Bryce Harper's take on how to grow baseball internationally

Bryce Harper’s take on how to grow baseball internationally originally appeared on NBC Sports Philadelphia

LONDON — Bryce Harper wears a lot of hats. Husband, father, superstar athlete, franchise icon, one of the faces of Under Armour and Gatorade.

Friday afternoon at London Stadium, a day before his Phillies opened a two-game series against the rival Mets, he wore another, almost serving as an ambassador of not just Major League Baseball but the sport of baseball itself.

Remember, these folks aren’t too familiar with baseball. The Yankees played the Red Sox in 2019 and the Cubs faced the Cardinals last year, but those were the only two major-league series to take place in the UK.

At his press conference Friday, Harper was asked by British reporters several times in several ways to explain why he finds baseball so exciting, how the game can be grown and what initially drew him in as a kid.

“I grew up playing football, baseball, basketball, other sports as well,” he said. “I love the grass, I love the leather, I love the dirt. I love the wooden bat, man. I remember the first time I wore metal cleats and it was like click, click, click, click. As you (grow up), you wear the moldeds and then you go into metals and it’s like, ‘Oh wow, this is cool, I’m like an older guy.’

“Just the whole thing. The tradition of MLB as well. It’s been around a long time. The game has changed so much. Obviously, you still have your traditionalists. But I think as the game has gotten younger, as players have gotten younger, people have kinda pulled from those players. The emotion has helped, but you have to understand this is a traditional game as well, so you’ve got to kinda border both sides because you don’t want to lose one fan or lose the other, you want to pull them and have everybody together.”

As far as growing the game, Harper’s overall message was that it’s done by holding events like the London Series, by showcasing the sport to different countries. There might be 100 kids who watch Harper or Ranger Suarez or J.T. Realmuto this weekend and become lifelong baseball fans. There might be 1,000. There might be 10,000. That kind of conversion is hard to measure and impossible to overstate.

“We have some really good players in our game from all over the world,” Harper said. “It’s a great game to see get over here and down into Mexico. I think as we come into the UK, I’d imagine we’d probably go into a lot of other places just like the NFL has. I think that’s going to help put our game in front of fans.

“But also, fans are gonna have to want to watch us play. Other countries are into different sports. As much as you put it in peoples’ faces, the Premier League is still going to be bigger. There’s certain things that are bigger than baseball. Obviously, the NFL has a pretty good fanbase here as well. I think a lot of fans know basketball because basketball’s in Europe as well.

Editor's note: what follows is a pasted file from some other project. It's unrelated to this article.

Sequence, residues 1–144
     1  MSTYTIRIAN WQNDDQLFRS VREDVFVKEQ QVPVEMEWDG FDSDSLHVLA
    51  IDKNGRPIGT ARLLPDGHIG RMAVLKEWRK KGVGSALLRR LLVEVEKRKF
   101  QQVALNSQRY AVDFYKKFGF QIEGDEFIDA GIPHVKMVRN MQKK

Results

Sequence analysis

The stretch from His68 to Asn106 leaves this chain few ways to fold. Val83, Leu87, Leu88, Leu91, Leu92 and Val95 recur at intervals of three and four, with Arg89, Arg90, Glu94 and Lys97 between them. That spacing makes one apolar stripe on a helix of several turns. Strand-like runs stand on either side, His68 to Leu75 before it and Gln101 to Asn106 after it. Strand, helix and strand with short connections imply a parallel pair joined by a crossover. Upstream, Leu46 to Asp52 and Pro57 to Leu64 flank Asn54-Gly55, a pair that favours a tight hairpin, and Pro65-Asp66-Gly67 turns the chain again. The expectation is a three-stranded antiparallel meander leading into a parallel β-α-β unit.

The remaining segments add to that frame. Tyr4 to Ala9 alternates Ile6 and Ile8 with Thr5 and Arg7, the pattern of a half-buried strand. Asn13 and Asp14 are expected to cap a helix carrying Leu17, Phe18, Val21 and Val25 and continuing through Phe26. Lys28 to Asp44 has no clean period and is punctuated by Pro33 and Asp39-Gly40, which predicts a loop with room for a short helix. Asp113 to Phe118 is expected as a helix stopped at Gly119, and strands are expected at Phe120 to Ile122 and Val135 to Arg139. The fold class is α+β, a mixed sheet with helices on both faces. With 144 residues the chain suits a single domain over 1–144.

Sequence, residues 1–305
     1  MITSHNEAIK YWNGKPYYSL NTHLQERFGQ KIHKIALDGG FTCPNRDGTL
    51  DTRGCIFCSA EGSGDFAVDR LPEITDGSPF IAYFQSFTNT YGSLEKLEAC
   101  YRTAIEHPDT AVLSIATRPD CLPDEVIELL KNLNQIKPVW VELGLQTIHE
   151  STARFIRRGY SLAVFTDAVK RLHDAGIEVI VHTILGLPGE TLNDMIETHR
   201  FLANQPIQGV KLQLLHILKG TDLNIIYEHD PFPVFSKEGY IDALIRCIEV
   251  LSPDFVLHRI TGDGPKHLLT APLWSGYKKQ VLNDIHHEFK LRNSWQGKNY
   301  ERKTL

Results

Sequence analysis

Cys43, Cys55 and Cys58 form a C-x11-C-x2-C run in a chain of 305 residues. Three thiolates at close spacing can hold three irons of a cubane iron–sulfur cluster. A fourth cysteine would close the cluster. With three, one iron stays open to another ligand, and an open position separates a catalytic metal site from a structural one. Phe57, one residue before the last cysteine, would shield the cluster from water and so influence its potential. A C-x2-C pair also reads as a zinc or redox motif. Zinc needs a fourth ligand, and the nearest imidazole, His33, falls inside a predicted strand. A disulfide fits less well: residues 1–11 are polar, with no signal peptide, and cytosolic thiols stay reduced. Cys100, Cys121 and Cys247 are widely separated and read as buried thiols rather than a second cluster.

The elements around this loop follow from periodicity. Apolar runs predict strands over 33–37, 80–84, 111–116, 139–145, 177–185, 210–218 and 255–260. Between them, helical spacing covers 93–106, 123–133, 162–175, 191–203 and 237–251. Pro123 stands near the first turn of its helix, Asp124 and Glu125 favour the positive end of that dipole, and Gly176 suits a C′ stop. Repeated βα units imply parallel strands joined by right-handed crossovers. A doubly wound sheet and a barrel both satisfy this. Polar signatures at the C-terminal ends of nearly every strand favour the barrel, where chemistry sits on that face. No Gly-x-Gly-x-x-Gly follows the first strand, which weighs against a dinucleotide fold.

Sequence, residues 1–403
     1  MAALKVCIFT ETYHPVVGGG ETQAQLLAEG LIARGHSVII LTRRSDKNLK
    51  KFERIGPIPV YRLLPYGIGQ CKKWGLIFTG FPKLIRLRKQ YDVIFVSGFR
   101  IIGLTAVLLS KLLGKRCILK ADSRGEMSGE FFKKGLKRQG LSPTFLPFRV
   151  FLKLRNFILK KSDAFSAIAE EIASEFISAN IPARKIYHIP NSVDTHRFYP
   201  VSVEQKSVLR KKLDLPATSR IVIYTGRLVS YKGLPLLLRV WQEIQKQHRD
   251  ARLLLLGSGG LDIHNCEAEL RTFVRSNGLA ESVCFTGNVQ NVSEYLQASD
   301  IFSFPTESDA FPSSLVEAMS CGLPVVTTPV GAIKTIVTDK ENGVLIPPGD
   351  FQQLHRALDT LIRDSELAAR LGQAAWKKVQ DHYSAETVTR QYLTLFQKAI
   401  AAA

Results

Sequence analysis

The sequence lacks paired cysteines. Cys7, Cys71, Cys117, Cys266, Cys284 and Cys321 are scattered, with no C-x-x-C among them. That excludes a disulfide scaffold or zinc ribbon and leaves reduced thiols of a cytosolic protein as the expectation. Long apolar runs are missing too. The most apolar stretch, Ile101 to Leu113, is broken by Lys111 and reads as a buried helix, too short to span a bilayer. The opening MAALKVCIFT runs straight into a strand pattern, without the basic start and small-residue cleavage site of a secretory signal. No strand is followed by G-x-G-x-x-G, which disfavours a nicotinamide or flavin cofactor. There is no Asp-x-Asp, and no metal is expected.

“As the game grows and as it goes, the more we go into different cultures in the world, I think it’ll grow a little bit more.”

And then there’s the Olympics, which Harper has always been passionate about. Baseball returns to the summer games in 2028 in Los Angeles. Harper badly wants major-league players to be involved and has already expressed his desire to participate.

He doesn’t just want it for himself, he wants it for the sport as a whole.

“My biggest thing (to grow the game) is the Olympics,” he said. “There’s nothing more worldwide than the Olympics. I watch the most random sports during the Olympics because it’s the Olympics. So not having baseball in the Olympics is really tough. If you send those players over there and take that break, I think that’s the big one. I love hockey, it’s one of my favorite sports and seeing it in the Olympics is one of the coolest things ever. They take that three-week break and they let those guys go and play. I think that’s another big goal that we should have as Major League Baseball.

“I’ve talked to numerous people with MLB about it. I would love to be a part of it. Obviously, we have the World Baseball Classic, but it’s not the same. It’s not. People can say as much as they want, it’s just not. The Olympics is so worldwide. WBC is great, brings a lot of people together and that’s really cool, but the Olympics is something you dream about playing in. So if I have a chance to put my nation’s colors on again and represent that on my chest again like when I was 18 and 16, I would absolutely love it.”

He’ll be 35 years old by then, in Year 10 of the 13-year contract he signed with the Phillies prior to 2019. Harper is obsessed with winning the World Series, and nearly tasting that triumph in 2022 and 2023 has only added to that sense of urgency.

“Once I signed, John (Middleton), knowing his mentality, what he wanted to happen, it was incredible knowing what kind of track he wanted this thing to be on and I think we’ve fulfilled that, we’ve hit that a little bit,” he said. “Obviously, our main goal is to win the World Series and so that’s what we’re striving toward every single day. Had a great start to this year but we play a full season and a lot of things can happen. We just have to keep rolling, keep doing our thing, keep understanding we can be better in all facets of the game and get better every day.”

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